Health Care and the Scraggly Broom

Everyone needs a broom.  It’s a basic cleaning instrument.  Cleanliness is important to one’s overall health and well-being.  Therefore, everyone should have a “right” to an effective broom.

All brooms are not equal.  Some brooms are too heavy.  Other brooms are too light.  Still, others are too thin to do an adequate job.  The good citizens of the United States of America demand broom standards.

Congress begins crafting a bill.  Brooms must be made to accommodate Americans of various weights and heights.  Also, brooms must be light enough to be operated by the weak and infirm.   The lobbying continues.  One group demands that the straw be “odder free.”  Another group wants the broom manufacturers to certify that the brooms are made of “all natural” materials.  Still, another wants to set the wages and benefits for the workers in the broom manufacturing industry.   

The cost of brooms begins to rise.   Groups representing the nation’s senior citizens begin to lobby for the government to provide brooms to the elderly at a reduced cost.  Other groups begin lobbying for free brooms for children and the poor.  Social BROOM Security, S-BROOM and MediBROOM are passed.

But the price of brooms continues to rise.  The broom industry argues that cost of labor and raw materials – not to mention all these new mandates – has forced broom manufacturers to raise the price in order to meet the new standards and keep up with the demand.  The manufacturers point out that their profit is a mere 3.3 percent, well below that of the suppliers of other essential products and services.  Nevertheless, liberal groups accuse the broom industry of price gouging.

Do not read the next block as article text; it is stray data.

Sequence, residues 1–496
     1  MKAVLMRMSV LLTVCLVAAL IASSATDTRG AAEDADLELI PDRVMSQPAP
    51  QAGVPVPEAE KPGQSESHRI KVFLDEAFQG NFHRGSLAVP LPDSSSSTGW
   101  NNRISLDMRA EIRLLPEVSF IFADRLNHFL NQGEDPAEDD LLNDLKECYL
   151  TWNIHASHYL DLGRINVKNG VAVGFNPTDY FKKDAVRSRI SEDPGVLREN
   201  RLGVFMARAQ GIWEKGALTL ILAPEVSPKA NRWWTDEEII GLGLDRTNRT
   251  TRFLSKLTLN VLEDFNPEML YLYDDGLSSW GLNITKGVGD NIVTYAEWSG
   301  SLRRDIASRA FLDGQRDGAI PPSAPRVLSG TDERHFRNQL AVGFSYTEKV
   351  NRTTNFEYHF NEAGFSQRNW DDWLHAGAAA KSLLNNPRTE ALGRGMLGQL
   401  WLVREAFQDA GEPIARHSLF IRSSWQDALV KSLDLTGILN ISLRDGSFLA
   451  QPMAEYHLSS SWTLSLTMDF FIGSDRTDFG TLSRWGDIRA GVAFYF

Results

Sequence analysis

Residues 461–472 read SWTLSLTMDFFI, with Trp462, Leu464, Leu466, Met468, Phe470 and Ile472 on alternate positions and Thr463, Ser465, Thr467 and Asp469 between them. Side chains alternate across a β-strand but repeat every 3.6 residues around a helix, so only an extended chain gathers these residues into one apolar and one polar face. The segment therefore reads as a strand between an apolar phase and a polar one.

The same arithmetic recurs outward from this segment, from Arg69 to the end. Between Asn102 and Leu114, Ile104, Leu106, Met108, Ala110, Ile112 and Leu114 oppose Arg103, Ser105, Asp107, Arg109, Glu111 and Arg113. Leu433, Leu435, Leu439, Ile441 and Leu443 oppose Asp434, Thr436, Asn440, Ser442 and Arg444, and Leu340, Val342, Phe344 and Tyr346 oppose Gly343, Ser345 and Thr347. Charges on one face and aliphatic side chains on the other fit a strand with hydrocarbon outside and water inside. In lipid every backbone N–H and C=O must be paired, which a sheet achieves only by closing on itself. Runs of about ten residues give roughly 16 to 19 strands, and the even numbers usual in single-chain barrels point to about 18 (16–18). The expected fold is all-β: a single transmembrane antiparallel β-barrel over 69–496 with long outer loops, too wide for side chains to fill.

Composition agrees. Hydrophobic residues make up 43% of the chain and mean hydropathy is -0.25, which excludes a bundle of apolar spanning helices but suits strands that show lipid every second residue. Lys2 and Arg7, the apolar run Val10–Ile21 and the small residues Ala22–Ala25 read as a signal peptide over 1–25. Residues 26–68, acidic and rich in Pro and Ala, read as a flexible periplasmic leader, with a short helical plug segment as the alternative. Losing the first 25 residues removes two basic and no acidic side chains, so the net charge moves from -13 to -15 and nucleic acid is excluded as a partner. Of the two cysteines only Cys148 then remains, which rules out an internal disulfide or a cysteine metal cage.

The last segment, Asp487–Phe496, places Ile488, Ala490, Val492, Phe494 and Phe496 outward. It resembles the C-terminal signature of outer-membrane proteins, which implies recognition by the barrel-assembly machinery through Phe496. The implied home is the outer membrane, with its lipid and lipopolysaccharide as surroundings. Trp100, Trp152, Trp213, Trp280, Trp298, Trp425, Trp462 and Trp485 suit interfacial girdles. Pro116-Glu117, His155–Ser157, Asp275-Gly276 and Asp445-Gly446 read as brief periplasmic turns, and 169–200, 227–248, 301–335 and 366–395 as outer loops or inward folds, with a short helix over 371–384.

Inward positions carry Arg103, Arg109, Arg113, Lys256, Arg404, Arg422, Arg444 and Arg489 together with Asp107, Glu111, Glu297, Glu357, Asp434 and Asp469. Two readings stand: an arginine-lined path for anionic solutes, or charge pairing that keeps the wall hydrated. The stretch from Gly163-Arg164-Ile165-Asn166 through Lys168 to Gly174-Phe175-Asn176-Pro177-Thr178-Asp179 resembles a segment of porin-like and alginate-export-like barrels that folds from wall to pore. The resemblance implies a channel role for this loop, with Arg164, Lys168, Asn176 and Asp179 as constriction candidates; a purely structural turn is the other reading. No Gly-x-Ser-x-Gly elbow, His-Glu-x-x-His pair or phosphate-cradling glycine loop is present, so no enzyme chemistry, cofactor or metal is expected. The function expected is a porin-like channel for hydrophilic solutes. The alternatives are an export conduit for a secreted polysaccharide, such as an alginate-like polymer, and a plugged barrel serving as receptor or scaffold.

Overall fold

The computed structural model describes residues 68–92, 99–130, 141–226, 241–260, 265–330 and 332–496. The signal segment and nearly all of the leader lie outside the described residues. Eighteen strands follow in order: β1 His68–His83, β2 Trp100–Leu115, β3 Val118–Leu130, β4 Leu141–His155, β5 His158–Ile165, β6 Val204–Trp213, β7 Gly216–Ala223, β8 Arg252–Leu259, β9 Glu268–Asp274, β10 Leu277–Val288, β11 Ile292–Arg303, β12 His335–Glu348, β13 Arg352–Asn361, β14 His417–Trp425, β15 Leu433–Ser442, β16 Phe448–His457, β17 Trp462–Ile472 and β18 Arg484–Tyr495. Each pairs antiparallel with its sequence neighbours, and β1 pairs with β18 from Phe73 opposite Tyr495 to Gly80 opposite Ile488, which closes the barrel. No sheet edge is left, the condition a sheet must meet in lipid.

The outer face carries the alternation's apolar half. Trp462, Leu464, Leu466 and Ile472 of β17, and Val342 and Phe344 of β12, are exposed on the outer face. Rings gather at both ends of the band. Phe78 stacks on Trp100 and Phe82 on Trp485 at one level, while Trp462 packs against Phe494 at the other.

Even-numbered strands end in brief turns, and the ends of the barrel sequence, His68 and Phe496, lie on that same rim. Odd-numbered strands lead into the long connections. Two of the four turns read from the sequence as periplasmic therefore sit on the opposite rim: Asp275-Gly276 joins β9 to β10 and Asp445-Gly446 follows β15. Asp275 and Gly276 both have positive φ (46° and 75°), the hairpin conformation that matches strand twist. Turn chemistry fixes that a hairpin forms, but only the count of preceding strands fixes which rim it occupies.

The U.S. Census Bureau reports that 46 million U.S. citizens are now without this essential device.   There is a broom crisis!

Conservative groups maintain that more than a third of the people without brooms are pulling down incomes of over $50,000 a year.  They own flat screen televisions and iPods.   Certainly, these people could afford to buy a broom if that were the priority.  A whopping 70 percent of broomless children are eligible for S-BROOM and 27 percent of the non-elderly broomless are eligible for Medibroom.  Still, another large segment of the PWB, People without Brooms, is in the country illegally and shouldn’t be entitled to brooms at all.

Nevertheless, the drumbeat continues.  Congress must act to protect these broomless Americans!
The broom reform bill is passed.  Finally everyone is happy.  The “right” to a broom is now a reality.

Suddenly,  Americans who had no interest in sweeping are now sweeping two are three times a day and brooms are wearing out at a rapid rate.  There are simply not enough brooms to go around.  There are long lines to get a broom.  Those who have a critical dirt problem are simply out of luck because they have to wait in line with everyone else.

It isn’t long before the cost of this new mandate has skyrocketed and is causing a strain on the country.   The government comes up with a plan.  It will simply pay the manufacturers less for their brooms as the demand continues.   However, these private manufacturers cannot afford to operate at a loss and one broom company after another is forced to close its doors.

The government begins to manufacture all brooms but the demand continues to grow.   The government falls deeper and deeper into debt to the point that essential services are threatened.   Congress does the only sensible thing.  It begins to limit the amount of straw each broom can contain and the length of the handle is cut down in size.